Is a new Battle for Britain and Britishness underway, less visually heroic and inspiring than the one fought in 1940? Certainly the media and politicians seem busily laying down the rules of engagement with classrooms the line of defence by teaching ‘Britishness’ and ‘British values’ (though not necessarily ‘British virtues’) once they have decided what these are. Also wading in is nostalgia. However, are these suggestions merely equipping future generations to be poorly paid actors in a third rate national theme park?
The next generation will require being equipped with the skills, knowledge, attitude and environment to be prosperous in a competitive world, safe in a dangerous world and happy amongst all the change, decay and uncertainty around them. It is hard to see how any politician’s views of where we are today and how we got here will be of much use in future?
What is needed is a ‘future-proof’ Britishness, not how we are today (or may have been yesterday), but what we will become, because without it, the quality of life in this country would be worse. Fortunately, in this quest we are extremely well endowed: by past generations, what they did for us, what we can learn from them; our experiences and what we see around us; and what we are through our traditions, culture, institutions and history etc. This richness is there (by accident or intent) for our benefit to improve our current quality of life and for future generations to draw on for inspiration, enjoyment, practical precedents and to build on what we bequeath them.
‘Britishness’ then is a conceptual framework of knowledge, assumptions, ideas and existing heritage to serve us in future for living individually and as a society; most importantly it is something of real value. However, it is being undermined by the ruling Establishment and, therefore, we and future generations are being impoverished. This comes about because our Britishness effectively provides a secure anchor for the future from the present and the past. Without the Britishness context everything is on the same level, making values and virtues insecure; we become more easily manipulated, and less confident. World history is littered with examples of destruction of cultural heritage and learning by the tyrannical.
A Personal View of Future-Proof Britishness
Below are some examples of future-proof Britishness; these run deeply in our collective story and could help future generations to be prosperous, safe and happy, and a beacon of hope for the world.
Courageous and irreverent individuality – We are not nails to be hammered into orthodox conformity and submission by power, ideology, custom or fear; our heroic efforts (to defy omnipotent power, the elements, the laws of physics, disease and social injustice etc.) and humour have a long and inspiring history.
Empiricism – We see the world as it is, not as our rulers imagine it to be and pragmatically respond (sometimes slowly) to what we experience; ‘Necessity is the Mother of Invention’, Scientific Method and political thought on liberty (and democracy) with their associated progress and openness are some of the observable results; also honesty, truthfulness, and respect for the law.
Winning (at sports and everything else) – as the country that invented or popularised most competitive team and individual sports, these days we often lack resolution or commitment and neglect finding ways of leading or coming first in sports, science, business, charity etc.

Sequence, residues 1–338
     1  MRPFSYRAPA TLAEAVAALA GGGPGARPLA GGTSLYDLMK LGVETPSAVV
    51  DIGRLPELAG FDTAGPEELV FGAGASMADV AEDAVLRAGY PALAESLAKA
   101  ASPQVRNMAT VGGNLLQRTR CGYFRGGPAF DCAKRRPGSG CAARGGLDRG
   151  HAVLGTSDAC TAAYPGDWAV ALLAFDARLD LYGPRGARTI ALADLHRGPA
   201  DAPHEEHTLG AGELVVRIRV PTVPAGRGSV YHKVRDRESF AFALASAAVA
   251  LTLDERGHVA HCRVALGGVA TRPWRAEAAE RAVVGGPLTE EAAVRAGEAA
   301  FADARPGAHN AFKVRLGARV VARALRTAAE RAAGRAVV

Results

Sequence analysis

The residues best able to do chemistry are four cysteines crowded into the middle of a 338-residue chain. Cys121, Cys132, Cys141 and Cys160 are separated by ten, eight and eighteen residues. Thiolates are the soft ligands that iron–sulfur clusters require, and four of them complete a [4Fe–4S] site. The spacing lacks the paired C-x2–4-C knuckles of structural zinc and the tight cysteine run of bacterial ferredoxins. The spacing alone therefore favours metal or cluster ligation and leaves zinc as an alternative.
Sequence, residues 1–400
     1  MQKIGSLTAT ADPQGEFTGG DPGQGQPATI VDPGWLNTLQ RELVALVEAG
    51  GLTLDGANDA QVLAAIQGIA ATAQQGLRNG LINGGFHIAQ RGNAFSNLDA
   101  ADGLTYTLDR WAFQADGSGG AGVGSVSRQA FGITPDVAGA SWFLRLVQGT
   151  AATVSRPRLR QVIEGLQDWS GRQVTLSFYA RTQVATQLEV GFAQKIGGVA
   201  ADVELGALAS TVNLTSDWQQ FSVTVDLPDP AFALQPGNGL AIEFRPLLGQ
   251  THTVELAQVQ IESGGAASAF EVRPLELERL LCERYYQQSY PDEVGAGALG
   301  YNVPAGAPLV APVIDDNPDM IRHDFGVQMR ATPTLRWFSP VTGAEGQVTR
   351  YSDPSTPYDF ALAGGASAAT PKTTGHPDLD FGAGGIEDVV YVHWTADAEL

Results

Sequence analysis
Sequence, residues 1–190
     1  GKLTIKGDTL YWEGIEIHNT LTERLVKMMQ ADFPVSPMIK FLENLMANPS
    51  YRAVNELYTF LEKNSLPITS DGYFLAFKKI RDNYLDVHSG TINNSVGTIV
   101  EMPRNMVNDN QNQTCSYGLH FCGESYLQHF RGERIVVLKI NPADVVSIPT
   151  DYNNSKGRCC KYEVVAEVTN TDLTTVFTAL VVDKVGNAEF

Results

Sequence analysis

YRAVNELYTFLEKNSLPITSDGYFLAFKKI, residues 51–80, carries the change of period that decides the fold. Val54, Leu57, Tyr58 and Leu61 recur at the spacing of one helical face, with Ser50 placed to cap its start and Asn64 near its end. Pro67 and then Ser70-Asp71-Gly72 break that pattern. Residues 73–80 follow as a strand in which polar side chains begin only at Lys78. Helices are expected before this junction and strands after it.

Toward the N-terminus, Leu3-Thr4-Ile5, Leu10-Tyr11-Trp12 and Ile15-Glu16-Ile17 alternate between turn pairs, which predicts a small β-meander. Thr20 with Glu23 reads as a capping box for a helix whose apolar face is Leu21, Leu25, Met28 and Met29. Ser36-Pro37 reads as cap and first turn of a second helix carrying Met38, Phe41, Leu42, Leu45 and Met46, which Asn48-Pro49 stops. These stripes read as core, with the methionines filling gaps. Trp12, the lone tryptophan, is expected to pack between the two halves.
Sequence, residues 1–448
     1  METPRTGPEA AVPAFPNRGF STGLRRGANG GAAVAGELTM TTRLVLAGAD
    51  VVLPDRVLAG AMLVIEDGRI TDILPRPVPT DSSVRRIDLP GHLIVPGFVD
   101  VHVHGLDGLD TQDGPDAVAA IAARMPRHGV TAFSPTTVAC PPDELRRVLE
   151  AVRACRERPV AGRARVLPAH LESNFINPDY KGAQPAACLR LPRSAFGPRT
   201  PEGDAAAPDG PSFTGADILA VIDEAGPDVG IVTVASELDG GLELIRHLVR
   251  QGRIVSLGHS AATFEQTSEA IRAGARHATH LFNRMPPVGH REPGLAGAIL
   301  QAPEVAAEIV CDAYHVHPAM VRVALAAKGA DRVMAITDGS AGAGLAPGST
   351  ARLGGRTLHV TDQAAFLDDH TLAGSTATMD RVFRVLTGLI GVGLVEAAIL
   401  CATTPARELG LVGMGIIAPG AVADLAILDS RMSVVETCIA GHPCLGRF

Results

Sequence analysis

Craftsmanship (precision and subtlety) and aesthetic functionality – Our great works of art tend to also interact brilliantly with the user, from the Lindisfarne Gospels through ‘Pride and Prejudice’ to the Spitfire and sports cars.
Value-adding work – From Elizabethan times (and earlier) we have been able to compete successfully for hearts, minds and money with inventiveness, limited resources and efficient or disciplined application. Our Industrial Revolution made toil more value-adding, but our folly destroyed our world -leading industries.
Institutions – We are brilliant at establishing organisations, institutions and communities which serve a worthy purpose and working together in them. Our most successful creation is the country we live peacefully in. Our biggest failure is not to understand, keep and improve what we inherited.
Noble humanity and compassion – Not only are we compassionate, we also recognise it as a noble activity, sometimes even a duty or responsibility which motivates action and self-sacrifice. Maude Heath of Chippenham and William Widmore of Winchester were just some of our ordinary people who did extra-ordinary things.
Christian Practicalism – A Christian imperative has often underlain progress, which led to improvements in physical wellbeing. Also our cultural heritage and physical landscapes have been enriched by the activities of Christians. Our strands of Christianity in future (perhaps more secular) combining empiricism, moderation, pragmatism and humanity could enrich and empower us all.
Self-Restraint, Responsibility and Reciprocity (the Golden Rule ethical code) – these align with the best of traditional British virtues and are needed for businesses and society to work well.
Truest friend and most formidable adversary – this is a summary of the above and more; what we have often been in the past and what we could strive to be in future. Yet can we do this whilst still ruled by those responsible for our decline and loss of identity?
The best of Britishness and British values could help us to have a better future, whilst we can help the world to a better future by being authentically, joyously and boldly British.